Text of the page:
Fotograf Magazine

The Peculiarity of the Seidel Company

The Seidel photographic studio was formerly a highly distinguished brand, associated with postcards of Český Krumlov and the greater Šumava region. A pair of monographs now present a revelatory selection of the artistic legacy of the Seidels, both father and son. These rank Josef Seidel (1859–1935) in particular among the most eminent photographers of the early 20th century. For this reason, Franz Seidel (1908–1997), was not the executor of his own photographs alone. An heir to his profession, he himself had no successor. He did not manage to reclaim his fiancée from the post-war transfer of ethnic Germans until the late 1950s. By then, it was too late for them to have children, and the reader may only speculate as to whether their fidelity was worth thirteen years of separation.

The Mystery Persists

The negotiations regarding the return of his beloved across the Iron Curtain brought Franz Seidel into far closer contact with the authorities than he would have wished. He would later compare the interrogations he was subjected to by the State Security police in České Budějovice to those he underwent with the Gestapo in Linz during the war. This last mentioned episode may in fact have saved his life. As a politically unreliable ethnic German, he was held in custody for seven months, but on the other hand was not conscripted into the Wehrmacht. His brother Arnold was killed near Kiev.

Fotografická paměť generací (The Photographic Memory of Generations), the slimmer of the two volumes, is essentially a photography album with a brief introduction by Petr Hudičák. It is often stressed how easily photographs can manage to speak without captions. However, it is possible to look differently at the smiling men in uniforms. Portraits of conscripts of various nationalities may raise questions, but they themselves remain inscrutable.

The comprehensive essay in Poodhalené tajemství (A Mystery Half-revealed) is a collaborative effort. (The researchers – Jaroslav Klíma, Miroslav Reitinger, Petr Hudičák, Pavla Křišťanová and Pave Scheufler – are modestly listed only in the credits. Though they strive to be unbiased, nevertheless they cannot deny their Czech perspective. It would hardly occur to a German author to write that once the issue of “who may stay and who will be removed” was sorted out, life returned to normal.

An Itinerant Abode

Seidel senior originally hailed from around Děčín, from the family of a glass-cutter. After arriving in Český Krumlov he took over an ailing photographic studio, and, building a new house, elevated the business to a level which electrifies visitors even today. The preservation of the house at Linecká Street was the subject of a 50-minute television documentary shot over a period of three years by Karel Čtveráček, entitled Včely letěly krásně / The Beautiful Flight of the Bees (2009). This challenging reconstruction was achieved successfully with the help of the European Union and (among others) various institutions in Bavaria, Austria and the Czech Republic. The surprisingly well-preserved business location was certainly worthy of its transformation into the Museum Fotoateliér Seidel: with negatives, files with records of clients, cameras… in short, an entire Art Nouveau photography workshop, preserved in full along with its alchemical equipment.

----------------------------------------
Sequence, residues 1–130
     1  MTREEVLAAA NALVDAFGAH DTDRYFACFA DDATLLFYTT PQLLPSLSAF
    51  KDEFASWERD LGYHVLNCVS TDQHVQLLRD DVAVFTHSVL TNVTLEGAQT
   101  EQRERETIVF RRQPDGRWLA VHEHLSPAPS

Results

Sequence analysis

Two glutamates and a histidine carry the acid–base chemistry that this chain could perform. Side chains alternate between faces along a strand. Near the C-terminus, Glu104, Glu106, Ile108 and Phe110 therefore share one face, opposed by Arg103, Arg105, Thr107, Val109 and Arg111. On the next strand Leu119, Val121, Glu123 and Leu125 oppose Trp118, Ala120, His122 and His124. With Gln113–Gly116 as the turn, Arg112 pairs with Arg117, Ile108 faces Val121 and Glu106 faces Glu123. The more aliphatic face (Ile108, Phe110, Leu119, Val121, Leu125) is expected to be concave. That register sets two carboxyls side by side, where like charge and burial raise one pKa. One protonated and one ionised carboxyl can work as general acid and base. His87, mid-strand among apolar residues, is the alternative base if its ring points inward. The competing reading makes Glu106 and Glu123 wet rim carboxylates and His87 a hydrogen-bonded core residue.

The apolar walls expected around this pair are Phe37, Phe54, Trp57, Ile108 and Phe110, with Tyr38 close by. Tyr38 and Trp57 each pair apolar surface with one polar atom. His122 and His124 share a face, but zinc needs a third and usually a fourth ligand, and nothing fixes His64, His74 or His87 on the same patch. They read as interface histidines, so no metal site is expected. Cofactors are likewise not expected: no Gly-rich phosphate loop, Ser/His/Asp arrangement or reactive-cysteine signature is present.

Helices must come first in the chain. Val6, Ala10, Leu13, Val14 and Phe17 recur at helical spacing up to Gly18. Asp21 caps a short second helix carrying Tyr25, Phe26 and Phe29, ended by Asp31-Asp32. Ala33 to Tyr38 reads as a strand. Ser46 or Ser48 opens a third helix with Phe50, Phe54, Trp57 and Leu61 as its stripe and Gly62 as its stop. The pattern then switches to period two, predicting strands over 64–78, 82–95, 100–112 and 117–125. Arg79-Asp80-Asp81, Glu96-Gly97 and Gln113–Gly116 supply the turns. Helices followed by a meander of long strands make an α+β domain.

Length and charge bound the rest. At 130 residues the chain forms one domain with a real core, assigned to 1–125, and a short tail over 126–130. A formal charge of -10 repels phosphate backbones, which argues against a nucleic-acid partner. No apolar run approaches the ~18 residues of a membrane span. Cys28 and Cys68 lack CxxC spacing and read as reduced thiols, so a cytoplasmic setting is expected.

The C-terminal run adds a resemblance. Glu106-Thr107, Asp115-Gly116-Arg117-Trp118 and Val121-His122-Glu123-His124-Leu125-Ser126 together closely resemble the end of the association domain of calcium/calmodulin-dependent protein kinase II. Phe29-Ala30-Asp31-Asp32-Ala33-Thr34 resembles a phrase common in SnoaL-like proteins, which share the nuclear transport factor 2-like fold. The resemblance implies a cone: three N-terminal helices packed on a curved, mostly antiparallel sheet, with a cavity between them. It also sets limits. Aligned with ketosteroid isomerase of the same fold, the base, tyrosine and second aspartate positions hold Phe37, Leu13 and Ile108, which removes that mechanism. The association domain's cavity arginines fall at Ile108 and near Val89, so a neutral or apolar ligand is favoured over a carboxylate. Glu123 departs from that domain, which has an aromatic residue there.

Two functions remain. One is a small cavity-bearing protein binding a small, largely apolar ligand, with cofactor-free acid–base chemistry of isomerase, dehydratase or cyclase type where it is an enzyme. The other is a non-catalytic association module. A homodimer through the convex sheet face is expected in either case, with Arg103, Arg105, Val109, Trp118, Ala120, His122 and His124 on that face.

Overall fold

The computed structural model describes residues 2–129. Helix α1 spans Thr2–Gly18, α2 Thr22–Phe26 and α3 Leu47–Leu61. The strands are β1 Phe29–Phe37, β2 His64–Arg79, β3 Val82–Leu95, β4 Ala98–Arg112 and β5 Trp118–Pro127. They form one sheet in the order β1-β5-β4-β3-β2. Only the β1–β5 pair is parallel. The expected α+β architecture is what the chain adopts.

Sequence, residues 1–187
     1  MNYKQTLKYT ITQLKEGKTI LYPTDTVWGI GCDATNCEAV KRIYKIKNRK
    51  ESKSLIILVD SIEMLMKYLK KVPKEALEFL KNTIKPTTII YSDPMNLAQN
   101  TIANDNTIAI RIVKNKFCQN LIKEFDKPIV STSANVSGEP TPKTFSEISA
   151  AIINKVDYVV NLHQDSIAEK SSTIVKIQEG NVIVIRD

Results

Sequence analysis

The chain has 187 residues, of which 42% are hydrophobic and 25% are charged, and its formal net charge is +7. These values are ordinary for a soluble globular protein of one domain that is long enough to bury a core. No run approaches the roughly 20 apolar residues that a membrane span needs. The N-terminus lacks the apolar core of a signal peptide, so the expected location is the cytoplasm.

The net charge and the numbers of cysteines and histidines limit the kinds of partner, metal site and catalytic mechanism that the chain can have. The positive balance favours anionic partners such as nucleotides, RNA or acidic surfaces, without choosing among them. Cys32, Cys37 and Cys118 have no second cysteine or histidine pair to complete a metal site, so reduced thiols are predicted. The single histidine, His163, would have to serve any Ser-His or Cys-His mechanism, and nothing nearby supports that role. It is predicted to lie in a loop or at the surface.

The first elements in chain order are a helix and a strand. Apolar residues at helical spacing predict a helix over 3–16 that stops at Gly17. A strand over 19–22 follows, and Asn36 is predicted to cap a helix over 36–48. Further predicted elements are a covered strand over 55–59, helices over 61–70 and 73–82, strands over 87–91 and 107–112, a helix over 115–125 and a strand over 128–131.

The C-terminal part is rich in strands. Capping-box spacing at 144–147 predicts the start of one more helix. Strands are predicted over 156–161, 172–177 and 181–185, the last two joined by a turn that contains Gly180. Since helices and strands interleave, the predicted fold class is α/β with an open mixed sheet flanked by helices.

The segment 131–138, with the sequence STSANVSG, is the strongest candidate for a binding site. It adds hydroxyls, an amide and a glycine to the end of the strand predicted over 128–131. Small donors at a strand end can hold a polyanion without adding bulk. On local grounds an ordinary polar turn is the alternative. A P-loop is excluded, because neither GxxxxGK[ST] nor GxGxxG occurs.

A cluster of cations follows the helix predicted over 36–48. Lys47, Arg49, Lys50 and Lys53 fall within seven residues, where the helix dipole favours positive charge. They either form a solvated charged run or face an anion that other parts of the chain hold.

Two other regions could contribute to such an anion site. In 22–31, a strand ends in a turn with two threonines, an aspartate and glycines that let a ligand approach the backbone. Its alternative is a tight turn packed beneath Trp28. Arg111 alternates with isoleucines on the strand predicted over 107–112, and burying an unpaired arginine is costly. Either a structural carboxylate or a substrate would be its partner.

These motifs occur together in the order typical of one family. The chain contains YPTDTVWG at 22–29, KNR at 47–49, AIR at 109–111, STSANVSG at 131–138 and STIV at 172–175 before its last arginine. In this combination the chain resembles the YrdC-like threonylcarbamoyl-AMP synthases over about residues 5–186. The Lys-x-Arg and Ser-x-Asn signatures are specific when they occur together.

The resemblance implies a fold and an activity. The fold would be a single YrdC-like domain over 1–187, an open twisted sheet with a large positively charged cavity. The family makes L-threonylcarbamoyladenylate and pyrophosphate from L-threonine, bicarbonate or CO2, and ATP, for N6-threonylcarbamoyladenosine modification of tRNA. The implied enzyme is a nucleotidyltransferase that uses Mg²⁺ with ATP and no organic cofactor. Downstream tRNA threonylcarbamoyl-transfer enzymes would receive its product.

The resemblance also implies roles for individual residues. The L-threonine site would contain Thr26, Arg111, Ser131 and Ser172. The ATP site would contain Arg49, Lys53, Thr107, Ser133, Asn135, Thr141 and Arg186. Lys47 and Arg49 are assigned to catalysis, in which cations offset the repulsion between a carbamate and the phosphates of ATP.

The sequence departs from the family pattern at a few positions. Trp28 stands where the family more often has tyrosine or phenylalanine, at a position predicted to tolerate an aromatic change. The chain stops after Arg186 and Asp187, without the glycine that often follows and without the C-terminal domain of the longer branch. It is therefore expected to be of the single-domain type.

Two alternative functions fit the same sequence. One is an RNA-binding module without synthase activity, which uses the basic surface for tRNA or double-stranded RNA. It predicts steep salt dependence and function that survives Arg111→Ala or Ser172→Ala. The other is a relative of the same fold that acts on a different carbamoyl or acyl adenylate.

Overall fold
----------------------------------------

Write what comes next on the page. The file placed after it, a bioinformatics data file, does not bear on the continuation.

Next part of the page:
The work of both Seidel senior and junior won extraordinary recognition, mainly due to their geographically diverse documentation of the Šumava region, as well as its vintage. It represents a message from the days when peat was quarried manually, and the raftsmen of the Vltava risked their lives driving logs down the river. Equally notable is a survey of the metamorphoses of portraiture – whether solo or group portraits. The charm of antiquity is also present in genre pictures of urban settings as well as the private album of the photographers´ family. Both books make equal use of the photographs of father and son alike. This two-generational perspective holds a natural attraction. Only when all the negatives, amounting in total to nearly one hundred and forty thousand images, are digitalized will it be possible to fully grasp the Seidel legacy. The continuous records of their clientele between 1884 and 1953 will certainly be made good use of as well, for they too are unique.

It is true that in the six decades since the archive ceased to be develop, the standard of living has gone up. On the other hand, many crafts have perished, even entire villages. Cities now serve cars at the expense of the daily needs of their inhabitants, children in particular. The bilingual borderlands for centuries were a place where the foothills of the Šumava were cultivated by farmers – the historical cataclysm within the population of this region is thus also illustrated by the spread of forest land. The greater the changes since the Seidels’ time, the more valuable is their testimony.

 

Jaroslav Klíma, Miroslav Reitinger, Petr Hudičák, Pavla Křišťanová, Pavel Scheufler: Fotoateliér Seidel. Poodhalené tajemství. /Seidel Photo-Studio. A Mystery Half-Revealed/ Českokrumlovský rozvojový fond /Český Krumlov Development Foundation, Český Krumlov, 2012, 156 pages.

 

Josef Seidel, Franz Seidel: Fotografická paměť generací /The Photographic Memory of Generations/. Českokrumlovský rozvojový fond / Český Krumlov Development Foundation, Český Krumlov, 2012, 132 pages.

Josef Moucha

#21 On Photography

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